Third International Workshop on Models and Analysis of Vocal Emissions for Biomedical Applications (MAVEBA 2003)
Vocal folds of newborns are
histologically different from children and adults.
Reinke's space is not clearly individualized. As
shown by Titze, this structure is absolutely needed
for vocal fold vibration. The hypothesis for
vocal production in newborn is that the air column
generates itself the acoustic turbulences (vortex)
from which the sound merges. Some other possible
vibrators within the mammalian production
system include the vocal tract.
Acoustic analysis of excised larynx of 38 weekstime dead human foetus was performed. An acoustic analysis and a phase portrait were calculated on each recorded sample. A newborn cry was also recorded with the same DAT. Anatomical measurements were performed and a virtual model (Gambit) was designed to modelize turbulences with vocal folds in phonatory position (Fluent 6.0). All data were correlated with those obtained by Laser Doppler Velocimetry.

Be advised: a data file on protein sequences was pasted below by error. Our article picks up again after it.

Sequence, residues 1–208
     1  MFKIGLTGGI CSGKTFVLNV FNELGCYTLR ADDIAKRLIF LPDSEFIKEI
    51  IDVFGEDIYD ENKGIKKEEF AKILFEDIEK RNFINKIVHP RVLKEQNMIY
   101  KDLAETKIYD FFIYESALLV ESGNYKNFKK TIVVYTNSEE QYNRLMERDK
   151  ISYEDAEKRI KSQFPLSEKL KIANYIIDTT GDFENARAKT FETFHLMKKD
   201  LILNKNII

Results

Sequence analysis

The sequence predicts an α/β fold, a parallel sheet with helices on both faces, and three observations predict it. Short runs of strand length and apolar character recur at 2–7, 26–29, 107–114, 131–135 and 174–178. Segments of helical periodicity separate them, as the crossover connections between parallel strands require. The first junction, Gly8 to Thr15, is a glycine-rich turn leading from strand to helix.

The fundamental frequency of the sound produced by a fixed larynx was higher than those produced by fresh sample or newborn. Phase portraits are very different in each sample. High-frequency whirlwinds were modelized upon each vocal fold. Preliminary results suggest that newborn phonation is a vortex effect coupled with a vibration of supraglottic structures.
Index Terms.newborn,phonation, vocal folds, aerodynamic, modelization.
Full Paper (reprinted with permission from Firenze University Press)
Bibliographic reference. Nicollas, R. / Ouaknine, M. / Giovanni, A. / Berger, J. / To, J. P. / Dumoulin, D. / Triglia, J. M. (2003): "Physiology of vocal production in the newborn", In MAVEBA-2003, 51-54.